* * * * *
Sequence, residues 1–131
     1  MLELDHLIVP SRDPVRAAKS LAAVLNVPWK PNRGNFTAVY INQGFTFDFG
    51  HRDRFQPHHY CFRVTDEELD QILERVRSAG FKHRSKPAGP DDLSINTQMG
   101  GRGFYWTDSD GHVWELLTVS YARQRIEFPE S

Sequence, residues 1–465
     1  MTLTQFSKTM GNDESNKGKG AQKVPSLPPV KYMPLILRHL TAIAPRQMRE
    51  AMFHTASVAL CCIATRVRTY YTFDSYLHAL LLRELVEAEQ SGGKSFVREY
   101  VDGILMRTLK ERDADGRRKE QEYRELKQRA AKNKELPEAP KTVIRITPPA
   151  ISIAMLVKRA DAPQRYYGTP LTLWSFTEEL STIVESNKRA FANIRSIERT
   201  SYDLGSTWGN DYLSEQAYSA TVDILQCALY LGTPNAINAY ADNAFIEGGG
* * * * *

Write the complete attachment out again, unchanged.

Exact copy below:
Sequence, residues 1–131
     1  MLELDHLIVP SRDPVRAAKS LAAVLNVPWK PNRGNFTAVY INQGFTFDFG
    51  HRDRFQPHHY CFRVTDEELD QILERVRSAG FKHRSKPAGP DDLSINTQMG
   101  GRGFYWTDSD GHVWELLTVS YARQRIEFPE S

Sequence, residues 1–465
     1  MTLTQFSKTM GNDESNKGKG AQKVPSLPPV KYMPLILRHL TAIAPRQMRE
    51  AMFHTASVAL CCIATRVRTY YTFDSYLHAL LLRELVEAEQ SGGKSFVREY
   101  VDGILMRTLK ERDADGRRKE QEYRELKQRA AKNKELPEAP KTVIRITPPA
   151  ISIAMLVKRA DAPQRYYGTP LTLWSFTEEL STIVESNKRA FANIRSIERT
   201  SYDLGSTWGN DYLSEQAYSA TVDILQCALY LGTPNAINAY ADNAFIEGGG